While speculation about where superstar pitchers Gerrit Cole and Stephen Strasburg are going to land this winter is heating up, there’s a different righty who made headlines on Tuesday.

Oakland A’s starting pitcher Mike Fiers told The Athletic that the Astros were electronically stealing signs during the 2017 season. The season, of course, ended with Houston winning the World Series. 

Fiers, who pitched in Houston from 2015-17, claims the Astros used a center field camera to record other team’s catchers in order to steal their signs — a violation of the very MLB rule that prohibits clubs from using electronic equipment to steal signs. 

Confused by how all this went down? Check out baseball podcaster Jomboy’s break down of the situation. He shows how the Astros were able to relay stolen signs from the dugout to the batter mid-at-bat.

The Astros, who have been criticized in the past for, well… let’s call them ‘controversial press releases,’ announced that the organization has begun an investigation in cooperation with the MLB but provided no further comment.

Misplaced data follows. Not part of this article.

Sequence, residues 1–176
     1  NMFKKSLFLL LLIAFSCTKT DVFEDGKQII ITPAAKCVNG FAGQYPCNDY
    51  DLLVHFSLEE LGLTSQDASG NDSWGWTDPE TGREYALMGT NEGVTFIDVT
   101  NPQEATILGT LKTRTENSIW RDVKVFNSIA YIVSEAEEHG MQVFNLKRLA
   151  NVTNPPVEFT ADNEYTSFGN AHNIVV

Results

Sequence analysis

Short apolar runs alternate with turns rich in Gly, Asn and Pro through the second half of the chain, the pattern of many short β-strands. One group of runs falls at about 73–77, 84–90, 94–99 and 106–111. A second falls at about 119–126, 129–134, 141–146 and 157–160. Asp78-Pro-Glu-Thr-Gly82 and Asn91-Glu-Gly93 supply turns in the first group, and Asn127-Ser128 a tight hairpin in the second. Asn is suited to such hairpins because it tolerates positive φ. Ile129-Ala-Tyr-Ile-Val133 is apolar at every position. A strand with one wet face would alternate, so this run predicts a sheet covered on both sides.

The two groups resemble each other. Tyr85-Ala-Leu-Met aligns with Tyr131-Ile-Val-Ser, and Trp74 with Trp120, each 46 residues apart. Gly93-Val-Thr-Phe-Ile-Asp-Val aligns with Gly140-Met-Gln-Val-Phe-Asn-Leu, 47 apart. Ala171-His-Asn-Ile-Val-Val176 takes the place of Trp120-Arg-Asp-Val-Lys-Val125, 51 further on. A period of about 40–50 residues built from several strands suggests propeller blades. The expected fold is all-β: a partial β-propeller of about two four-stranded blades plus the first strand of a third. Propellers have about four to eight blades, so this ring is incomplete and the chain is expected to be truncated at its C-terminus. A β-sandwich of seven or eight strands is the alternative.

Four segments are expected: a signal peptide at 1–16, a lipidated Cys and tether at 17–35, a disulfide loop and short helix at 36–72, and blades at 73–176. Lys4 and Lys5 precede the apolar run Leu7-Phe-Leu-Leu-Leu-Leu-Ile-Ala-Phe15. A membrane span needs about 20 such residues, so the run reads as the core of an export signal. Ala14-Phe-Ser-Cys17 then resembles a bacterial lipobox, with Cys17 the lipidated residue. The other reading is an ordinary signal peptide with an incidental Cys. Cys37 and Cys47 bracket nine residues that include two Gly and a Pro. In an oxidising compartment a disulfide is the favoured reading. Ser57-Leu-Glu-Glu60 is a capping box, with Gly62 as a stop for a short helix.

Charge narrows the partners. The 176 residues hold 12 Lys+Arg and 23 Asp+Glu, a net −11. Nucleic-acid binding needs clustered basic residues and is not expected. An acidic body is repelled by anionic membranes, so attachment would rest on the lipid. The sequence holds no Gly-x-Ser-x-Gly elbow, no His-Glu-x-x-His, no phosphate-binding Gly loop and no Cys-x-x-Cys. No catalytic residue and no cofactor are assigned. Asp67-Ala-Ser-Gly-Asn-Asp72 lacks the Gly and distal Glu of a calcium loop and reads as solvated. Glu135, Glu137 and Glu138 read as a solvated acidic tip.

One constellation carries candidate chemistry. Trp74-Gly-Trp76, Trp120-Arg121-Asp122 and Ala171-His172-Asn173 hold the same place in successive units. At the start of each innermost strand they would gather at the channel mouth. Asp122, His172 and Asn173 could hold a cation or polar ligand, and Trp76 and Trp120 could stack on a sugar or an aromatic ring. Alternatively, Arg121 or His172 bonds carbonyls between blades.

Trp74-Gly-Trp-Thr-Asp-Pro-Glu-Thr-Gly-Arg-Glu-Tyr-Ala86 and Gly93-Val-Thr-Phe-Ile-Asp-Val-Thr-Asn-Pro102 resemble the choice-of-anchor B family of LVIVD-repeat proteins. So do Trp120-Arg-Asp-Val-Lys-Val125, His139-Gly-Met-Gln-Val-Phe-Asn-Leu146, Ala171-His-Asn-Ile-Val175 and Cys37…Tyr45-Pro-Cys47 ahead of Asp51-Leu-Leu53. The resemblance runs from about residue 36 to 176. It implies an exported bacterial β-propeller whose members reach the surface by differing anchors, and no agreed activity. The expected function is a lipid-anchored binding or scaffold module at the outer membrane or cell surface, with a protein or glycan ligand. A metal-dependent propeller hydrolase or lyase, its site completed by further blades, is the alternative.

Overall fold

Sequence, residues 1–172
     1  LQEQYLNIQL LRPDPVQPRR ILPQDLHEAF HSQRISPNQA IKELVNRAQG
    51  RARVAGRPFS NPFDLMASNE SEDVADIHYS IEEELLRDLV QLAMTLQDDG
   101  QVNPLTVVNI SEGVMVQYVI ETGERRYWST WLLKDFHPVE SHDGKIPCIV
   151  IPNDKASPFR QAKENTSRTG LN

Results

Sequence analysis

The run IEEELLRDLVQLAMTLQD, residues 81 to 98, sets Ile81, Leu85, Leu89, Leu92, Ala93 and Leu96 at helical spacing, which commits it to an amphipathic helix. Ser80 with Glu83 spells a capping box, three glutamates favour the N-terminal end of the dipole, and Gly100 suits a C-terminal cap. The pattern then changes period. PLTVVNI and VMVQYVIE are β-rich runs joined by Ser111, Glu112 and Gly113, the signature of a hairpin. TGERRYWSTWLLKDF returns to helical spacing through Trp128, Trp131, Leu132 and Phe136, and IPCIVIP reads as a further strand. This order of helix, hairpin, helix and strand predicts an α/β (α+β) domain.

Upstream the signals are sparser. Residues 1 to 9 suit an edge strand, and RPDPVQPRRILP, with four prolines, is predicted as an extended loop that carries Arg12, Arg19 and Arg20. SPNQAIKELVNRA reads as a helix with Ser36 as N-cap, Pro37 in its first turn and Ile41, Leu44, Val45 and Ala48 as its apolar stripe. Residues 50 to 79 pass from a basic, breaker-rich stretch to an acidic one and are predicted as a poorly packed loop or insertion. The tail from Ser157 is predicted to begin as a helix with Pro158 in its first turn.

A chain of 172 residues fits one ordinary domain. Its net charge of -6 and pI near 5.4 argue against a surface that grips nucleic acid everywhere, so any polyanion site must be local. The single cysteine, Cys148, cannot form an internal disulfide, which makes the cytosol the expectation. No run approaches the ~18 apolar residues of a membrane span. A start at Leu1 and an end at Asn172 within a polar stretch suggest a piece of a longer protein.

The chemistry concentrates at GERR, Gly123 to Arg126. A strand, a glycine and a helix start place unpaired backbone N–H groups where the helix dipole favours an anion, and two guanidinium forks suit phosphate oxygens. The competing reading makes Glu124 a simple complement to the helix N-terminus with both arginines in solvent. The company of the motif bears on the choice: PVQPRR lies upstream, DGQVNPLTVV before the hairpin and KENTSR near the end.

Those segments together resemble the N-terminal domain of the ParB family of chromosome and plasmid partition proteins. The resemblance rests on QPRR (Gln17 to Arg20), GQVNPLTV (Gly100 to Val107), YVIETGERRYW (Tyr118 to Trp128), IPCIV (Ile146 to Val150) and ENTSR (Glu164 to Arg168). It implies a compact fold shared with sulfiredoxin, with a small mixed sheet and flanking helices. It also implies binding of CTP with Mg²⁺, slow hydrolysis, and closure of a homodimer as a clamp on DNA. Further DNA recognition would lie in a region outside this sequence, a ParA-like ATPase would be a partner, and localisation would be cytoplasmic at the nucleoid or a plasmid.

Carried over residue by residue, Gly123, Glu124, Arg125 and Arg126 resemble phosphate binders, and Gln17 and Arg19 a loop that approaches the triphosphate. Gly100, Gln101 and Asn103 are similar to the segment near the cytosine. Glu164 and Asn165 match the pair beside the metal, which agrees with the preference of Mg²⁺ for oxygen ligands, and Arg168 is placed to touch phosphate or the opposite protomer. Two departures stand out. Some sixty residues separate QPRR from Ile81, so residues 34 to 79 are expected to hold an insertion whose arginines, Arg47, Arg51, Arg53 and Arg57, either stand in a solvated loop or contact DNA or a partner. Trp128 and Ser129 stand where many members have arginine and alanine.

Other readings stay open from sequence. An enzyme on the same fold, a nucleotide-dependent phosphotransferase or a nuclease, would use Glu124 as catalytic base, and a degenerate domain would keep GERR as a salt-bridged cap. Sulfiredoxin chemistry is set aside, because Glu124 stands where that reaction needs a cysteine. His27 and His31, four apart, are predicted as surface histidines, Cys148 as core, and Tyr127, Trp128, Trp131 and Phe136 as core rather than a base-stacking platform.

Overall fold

While the Astros are enjoying a golden age on the field, everything they have accomplished to this point — including the 2017 World Series championship — will be clouded with doubt. 

However, let’s not assume this is exclusively an Astros problem. This ordeal has highlighted a major problem for the MLB as a whole. It would be ignorant for any baseball fan to believe that the Astros are the only organization using electronics to get an upper hand on their opponents. The Astros are merely the first team to get caught, and what the MLB does next will set a precedent for how future situations will be handled as technology continues to influence baseball. 

The MLB could try to unplug and prohibit teams from utilizing technology in-game like barring replay monitors from the dugout. But as the 2019 World Series umps proved, fans are ready to embrace technology, not move away from it. 

So the MLB must try to protect against future occurrences of electronic sign stealing and make an example out of Houston. Stripping the Astros of their 2017 World Championship feels too extreme, but significant fining and revoking future draft picks could be a sufficient slap on the wrist. 

The path the MLB will take to solve this issue is not clear. However, one thing is: a potential Houston Astros dynasty will forever be met with distrust and skepticism.

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